Liverpool Small Cinema tackles gender inequality in film

Liverpool Small Cinema brings gender equality to its programme with 58%, a forward-thinking initiative to get more films by female filmmakers on their screens

Preview by Chris Ogden | 27 May 2016
  • 58% – Liverpool Small Cinema

Liverpool Small Cinema has announced that they will be trialling 58%, a programme initiative geared towards tackling gender equality in the film industry. During the two month trial period, the cinema will look to celebrate films made by women, trans and non-binary filmmakers by increasing screenings of these films to 58% of their cinema’s programming.

The trial, a collaborative effort between six different programmers, will start next Thursday 2 June with The Watermelon Woman, a film directed by and starring the American black lesbian director Cheryl Dunye, and will end on Sunday 31 July with a film to be selected by Merseyside Polonia, a charitable organisation representing the local Polish community.

The cinema hopes that the trial of the 58% initiative will increase awareness of marginalised filmmakers and help to close the gender gap in their programming, with the eventual aim of such initiatives becoming a permanent fixture of all cinemas.    

Diary of a Teenage Girl
Marielle Heller's Diary of a Teenage Girl screens 12 Jun

“There were several stages of us realising the fact that women were underrepresented”, says Michael Pierce of Cinema Nation, one of the six programming organisations collaborating on the initiative. “We showed more films by women last September [as part of their Directed by Women initiative] then realised that it didn’t lead to any lasting change.”

When International Women’s Day came around this March, Liverpool Small Cinema found that in its first year only 18% of the films it had shown were by women despite 58% of the cinema’s Facebook followers identifying as female. The realisation was shocking to the cinema, a volunteer-led organisation started by a group of independent programmers coming together and choosing their own films.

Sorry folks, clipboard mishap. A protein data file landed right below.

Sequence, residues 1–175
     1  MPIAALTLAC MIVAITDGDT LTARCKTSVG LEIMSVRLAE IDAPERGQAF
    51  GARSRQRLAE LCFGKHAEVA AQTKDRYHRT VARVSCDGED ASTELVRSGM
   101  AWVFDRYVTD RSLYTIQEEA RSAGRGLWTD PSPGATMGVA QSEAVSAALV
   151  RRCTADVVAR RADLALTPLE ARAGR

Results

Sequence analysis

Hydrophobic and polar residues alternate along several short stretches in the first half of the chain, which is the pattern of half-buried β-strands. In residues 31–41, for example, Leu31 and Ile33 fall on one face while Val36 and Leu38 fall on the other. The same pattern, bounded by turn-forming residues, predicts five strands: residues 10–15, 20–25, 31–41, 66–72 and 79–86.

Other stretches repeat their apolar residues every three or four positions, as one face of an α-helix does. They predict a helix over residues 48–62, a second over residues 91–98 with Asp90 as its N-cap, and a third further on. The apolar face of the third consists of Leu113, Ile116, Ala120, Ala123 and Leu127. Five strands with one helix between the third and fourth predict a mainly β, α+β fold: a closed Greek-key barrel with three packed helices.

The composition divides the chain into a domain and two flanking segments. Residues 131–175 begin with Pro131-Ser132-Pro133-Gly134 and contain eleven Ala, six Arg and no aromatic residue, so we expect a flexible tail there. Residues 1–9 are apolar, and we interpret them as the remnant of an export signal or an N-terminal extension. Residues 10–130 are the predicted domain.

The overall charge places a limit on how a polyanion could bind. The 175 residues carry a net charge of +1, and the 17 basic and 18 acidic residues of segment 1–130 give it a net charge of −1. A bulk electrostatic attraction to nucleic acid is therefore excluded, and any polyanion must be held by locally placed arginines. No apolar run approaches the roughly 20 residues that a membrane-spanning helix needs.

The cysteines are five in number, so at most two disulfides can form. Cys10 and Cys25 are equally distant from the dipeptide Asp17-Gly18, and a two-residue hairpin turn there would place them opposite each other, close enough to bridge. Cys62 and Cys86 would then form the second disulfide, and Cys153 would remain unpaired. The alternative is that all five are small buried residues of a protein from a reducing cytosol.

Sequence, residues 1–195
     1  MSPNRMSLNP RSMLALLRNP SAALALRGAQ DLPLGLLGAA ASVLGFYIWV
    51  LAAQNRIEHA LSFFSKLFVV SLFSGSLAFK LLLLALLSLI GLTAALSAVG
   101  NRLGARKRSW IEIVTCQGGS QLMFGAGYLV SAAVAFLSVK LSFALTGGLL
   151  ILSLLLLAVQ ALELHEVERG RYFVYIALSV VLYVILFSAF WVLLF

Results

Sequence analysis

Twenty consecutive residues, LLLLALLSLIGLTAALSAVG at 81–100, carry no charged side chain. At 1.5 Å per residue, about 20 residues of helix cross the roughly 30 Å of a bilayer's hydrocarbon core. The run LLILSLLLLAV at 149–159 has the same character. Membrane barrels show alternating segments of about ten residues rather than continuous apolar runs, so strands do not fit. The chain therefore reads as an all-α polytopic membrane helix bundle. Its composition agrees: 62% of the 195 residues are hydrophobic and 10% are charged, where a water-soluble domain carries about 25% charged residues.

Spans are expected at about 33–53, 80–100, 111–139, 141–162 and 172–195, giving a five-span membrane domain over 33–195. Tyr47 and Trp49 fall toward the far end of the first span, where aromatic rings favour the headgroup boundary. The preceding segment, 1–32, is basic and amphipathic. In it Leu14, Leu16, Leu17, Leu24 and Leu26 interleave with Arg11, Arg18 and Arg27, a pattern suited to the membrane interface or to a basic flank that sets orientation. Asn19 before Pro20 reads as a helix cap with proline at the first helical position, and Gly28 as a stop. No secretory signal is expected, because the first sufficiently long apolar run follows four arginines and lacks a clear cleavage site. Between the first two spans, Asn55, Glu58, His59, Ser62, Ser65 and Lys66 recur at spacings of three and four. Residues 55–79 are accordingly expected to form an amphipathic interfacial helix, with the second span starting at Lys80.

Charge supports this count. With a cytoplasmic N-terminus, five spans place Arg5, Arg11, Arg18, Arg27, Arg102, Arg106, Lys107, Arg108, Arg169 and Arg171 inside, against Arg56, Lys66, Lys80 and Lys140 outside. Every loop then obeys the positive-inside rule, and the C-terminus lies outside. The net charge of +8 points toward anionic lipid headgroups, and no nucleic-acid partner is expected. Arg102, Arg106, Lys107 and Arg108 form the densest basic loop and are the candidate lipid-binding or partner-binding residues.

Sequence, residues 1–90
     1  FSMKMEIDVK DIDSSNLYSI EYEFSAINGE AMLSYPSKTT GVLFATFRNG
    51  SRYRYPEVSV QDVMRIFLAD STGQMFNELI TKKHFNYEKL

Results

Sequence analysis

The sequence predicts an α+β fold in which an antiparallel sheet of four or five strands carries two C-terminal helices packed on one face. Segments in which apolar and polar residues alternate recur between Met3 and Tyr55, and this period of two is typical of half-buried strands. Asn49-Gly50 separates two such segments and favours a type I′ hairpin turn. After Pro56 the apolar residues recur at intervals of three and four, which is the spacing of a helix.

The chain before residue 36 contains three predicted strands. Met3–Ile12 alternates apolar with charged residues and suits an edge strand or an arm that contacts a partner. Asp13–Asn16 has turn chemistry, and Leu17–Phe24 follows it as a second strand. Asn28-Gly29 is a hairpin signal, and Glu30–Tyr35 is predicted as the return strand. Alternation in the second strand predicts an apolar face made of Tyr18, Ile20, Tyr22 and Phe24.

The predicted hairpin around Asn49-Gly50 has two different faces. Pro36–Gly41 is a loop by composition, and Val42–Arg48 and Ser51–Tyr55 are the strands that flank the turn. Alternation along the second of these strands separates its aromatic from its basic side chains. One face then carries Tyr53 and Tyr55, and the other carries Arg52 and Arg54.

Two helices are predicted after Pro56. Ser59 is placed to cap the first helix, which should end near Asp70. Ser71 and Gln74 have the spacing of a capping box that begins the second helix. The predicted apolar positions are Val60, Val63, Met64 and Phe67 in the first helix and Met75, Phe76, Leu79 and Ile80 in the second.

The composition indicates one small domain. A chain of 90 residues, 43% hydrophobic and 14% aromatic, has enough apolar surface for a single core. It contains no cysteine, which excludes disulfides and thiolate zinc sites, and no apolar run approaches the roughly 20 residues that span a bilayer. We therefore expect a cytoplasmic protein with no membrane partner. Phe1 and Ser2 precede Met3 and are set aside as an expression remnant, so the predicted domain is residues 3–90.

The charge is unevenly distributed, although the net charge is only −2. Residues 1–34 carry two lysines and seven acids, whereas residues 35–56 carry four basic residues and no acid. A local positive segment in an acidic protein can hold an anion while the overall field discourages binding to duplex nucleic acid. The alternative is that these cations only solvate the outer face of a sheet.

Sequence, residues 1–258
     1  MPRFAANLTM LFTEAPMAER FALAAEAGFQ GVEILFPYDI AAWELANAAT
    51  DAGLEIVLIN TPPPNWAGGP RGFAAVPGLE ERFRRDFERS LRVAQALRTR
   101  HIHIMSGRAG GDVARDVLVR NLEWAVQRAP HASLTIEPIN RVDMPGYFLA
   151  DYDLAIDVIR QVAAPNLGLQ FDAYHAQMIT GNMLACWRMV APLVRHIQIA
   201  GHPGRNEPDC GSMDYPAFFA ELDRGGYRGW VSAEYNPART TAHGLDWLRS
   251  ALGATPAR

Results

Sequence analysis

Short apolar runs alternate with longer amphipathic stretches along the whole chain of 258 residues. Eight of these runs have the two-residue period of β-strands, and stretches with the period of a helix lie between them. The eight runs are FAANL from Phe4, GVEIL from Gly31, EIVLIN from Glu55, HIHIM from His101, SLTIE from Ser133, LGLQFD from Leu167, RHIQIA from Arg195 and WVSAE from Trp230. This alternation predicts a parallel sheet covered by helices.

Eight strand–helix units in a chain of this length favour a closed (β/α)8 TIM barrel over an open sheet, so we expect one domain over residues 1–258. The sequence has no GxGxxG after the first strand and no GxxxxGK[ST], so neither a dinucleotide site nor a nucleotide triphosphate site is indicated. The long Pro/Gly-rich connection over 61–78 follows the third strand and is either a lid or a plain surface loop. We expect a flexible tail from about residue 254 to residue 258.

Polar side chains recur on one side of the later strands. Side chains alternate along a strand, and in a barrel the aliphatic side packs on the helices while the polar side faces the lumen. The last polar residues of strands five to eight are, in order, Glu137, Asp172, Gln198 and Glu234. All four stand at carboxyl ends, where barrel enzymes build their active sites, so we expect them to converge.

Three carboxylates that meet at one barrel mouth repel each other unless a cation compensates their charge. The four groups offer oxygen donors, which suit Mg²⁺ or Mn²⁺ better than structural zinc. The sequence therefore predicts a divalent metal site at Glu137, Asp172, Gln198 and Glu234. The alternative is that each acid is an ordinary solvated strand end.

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“Because of that we had fallen into the trap of choosing famous films, as you can sometimes forget that you need a more collaborative initiative to have a focus to the programming,” Pierce says. “It’s about six different programmers coming together to highlight this issue now. [The 58% initiative] is very much a celebration that all of these films are really great and of who these filmmakers are.”

Throughout the initiative the cinema hopes to link with feminist activists and local filmmakers whose work hasn’t been widely distributed, including a collaboration with Liverpool’s Women’s Independent Cinema House. There are some even more ambitious projects in the pipeline as the cinema aims to be more representative, not just in terms of the films it shows.

“We’re trying to get Skype Q&As and a Prince night, as he’s someone who really represents that non-binary iconography,” Pierce says. “2% of [the cinema’s followers] hadn’t specified their gender on Facebook. Especially to younger people, the gender distinctions aren’t as clear-cut as they are for older people so we definitely want to bring that into conversation. It’s a way of bringing things not just into our programming but into our operations and being more open and understanding of our place.”

A Girl at My Door
July Jung's A Girl by My Door screens 6 Jul

Due to Liverpool Small Cinema’s co-operative approach, the films have to be something that all programmers have to agree with. 58% is quite a dramatic change to the way they programme, hence it being subject to a two month trial. However, Pierce believes that 58% has to be a long-running initiative to truly be a success and hopes that the scheme will encourage cinemas to be more bold and ambitious in their targets of equality.

“Generally, quotas can be seen as being restrictive but we’ve actually found it really exciting engaging with a wider issue as well,” he concluded. “A film is not just something you show in a dark room; it’s actually reflecting the wider world.”


JUNE 2016

Thu 2 Jun – THE WATERMELON WOMAN Dir. Cheryl Dunye, 1996

Tue 7 Jun – PRINCE NIGHT! Prince Films & Videos

Wed 8 Jun – MARIA LASSNIG FILMS Collaboration with Tate Liverpool

Sun 12 Jun – DIARY OF A TEENAGE GIRL Dir. Marielle Heller, US, 2015

Tue 14 Jun – 52 TUESDAYS Dir. Sophie Hyde, Australia, 2013

Thu 16 Jun SOMETHING MUST BREAK Dir. Ester Martin Bergsmark, Sweden, 2014

Thur 23 Jun – ONE SINGS, THE OTHER DOESN’T, Dir. Agnes Varda, France, 1977

JULY 2016

Wed 6 Jul – A GIRL AT MY DOOR Dir. July Jung, South Korea, 2014

Thur 7 Jul – PET SEMATARY. Dir. Mary Lambert, US, 1989

Thur 14 Jul – THE HOLY GIRL Dir. Lucrecia Martel, Argentina 2005

Sun 17 Jul – WADJDA Dir. Haifaa al-Mansour, Saudi Arabia, 2014

Sun 17 Jul – WILDWOOD NJ Dir. Ruth Leitman & Carol Cassidy, US,

Thur 28 Jul – DAISIES & Shorts. Dir. Vera Chytilova, Czech Republic, 1966

Sun 31 Jul – Merseyside Polonia TBC